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The Dying Gaul

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THE DYING GAUL

Jeffrey Tishop is one of Hollywood’s most influential studio managers. He lives in a sedate residence high up in the Malibu Hills. His wife, Elaine, once wrote screenplays. She and her husband have now moved up to the upper echelons of Hollywood society. Having given up writing, Elaine now tends to the running of the villa, the household staff and their two well-turned-out children.
One day, a screenplay lands on Jeffrey’s desk from Hollywood. Jeffrey can smell a hit straight off. All at once, the script’s moving love story – a second TERMS OF ENDEARMENT – begins to take shape before his eyes. Except, that is, for one small problem that can be easily rectified: the lovers are both male. One simple correction of the screenplay is all that stands between him and the sure-fire success of THE DYING GAUL.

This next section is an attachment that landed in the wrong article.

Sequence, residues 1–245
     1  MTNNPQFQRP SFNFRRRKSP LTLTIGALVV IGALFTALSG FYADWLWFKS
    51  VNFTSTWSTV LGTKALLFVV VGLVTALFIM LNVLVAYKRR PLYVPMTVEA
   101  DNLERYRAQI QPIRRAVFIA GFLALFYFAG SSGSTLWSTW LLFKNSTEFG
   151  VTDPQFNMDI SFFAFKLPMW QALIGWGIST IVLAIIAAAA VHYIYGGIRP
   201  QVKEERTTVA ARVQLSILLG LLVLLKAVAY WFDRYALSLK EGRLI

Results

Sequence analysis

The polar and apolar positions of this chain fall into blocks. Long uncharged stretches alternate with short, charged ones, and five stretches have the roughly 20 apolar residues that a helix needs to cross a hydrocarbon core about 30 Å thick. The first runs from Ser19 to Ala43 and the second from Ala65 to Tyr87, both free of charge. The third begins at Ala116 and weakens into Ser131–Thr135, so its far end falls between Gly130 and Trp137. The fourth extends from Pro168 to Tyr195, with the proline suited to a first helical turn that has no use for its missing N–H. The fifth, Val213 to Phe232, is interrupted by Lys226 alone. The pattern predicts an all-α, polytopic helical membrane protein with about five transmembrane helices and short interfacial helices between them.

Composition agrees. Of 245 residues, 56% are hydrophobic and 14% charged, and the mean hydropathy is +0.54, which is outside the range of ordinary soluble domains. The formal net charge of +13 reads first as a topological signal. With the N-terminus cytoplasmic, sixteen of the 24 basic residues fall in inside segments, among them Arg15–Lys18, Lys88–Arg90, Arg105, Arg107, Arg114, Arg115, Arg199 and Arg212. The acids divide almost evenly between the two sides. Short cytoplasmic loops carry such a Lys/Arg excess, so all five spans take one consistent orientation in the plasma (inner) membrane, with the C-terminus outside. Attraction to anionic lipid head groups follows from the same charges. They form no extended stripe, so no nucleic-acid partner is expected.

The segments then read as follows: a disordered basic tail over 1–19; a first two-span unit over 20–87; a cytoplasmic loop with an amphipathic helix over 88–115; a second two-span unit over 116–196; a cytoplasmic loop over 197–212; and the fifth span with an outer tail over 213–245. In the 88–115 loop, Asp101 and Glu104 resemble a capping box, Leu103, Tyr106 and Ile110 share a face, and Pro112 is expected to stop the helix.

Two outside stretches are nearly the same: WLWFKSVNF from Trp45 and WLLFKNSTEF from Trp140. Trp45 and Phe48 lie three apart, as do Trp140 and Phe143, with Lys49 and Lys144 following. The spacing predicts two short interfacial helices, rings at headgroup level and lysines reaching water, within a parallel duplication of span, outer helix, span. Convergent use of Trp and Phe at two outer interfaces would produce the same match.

Robert Sandrich is the screenwriter Jeffrey has to convince to make the required script change. Robert hasn’t sold a thing in a very long time. His current screenplay is clearly an autobiographical work, since it revolves around Robert’s own lover’s death. His is a poignant love story with a tragic end. As far as Robert is concerned – a re-write is out of the question. But how long will he be able to withstand Hollywood’s powerful lure of money, power and sex?
Meanwhile, Elaine decides to take her writing colleague under her wing. Impressed by his obvious talent, she also senses Robert’s grief, of which he attempts to purge himself in online chatrooms. But then, Elaine also starts surfing the net and this leads to a chain reaction.

USA 2004, 105 min

by

Craig Lucas

with

Peter Sarsgaard
Campbell Scott
Patricia Clarkson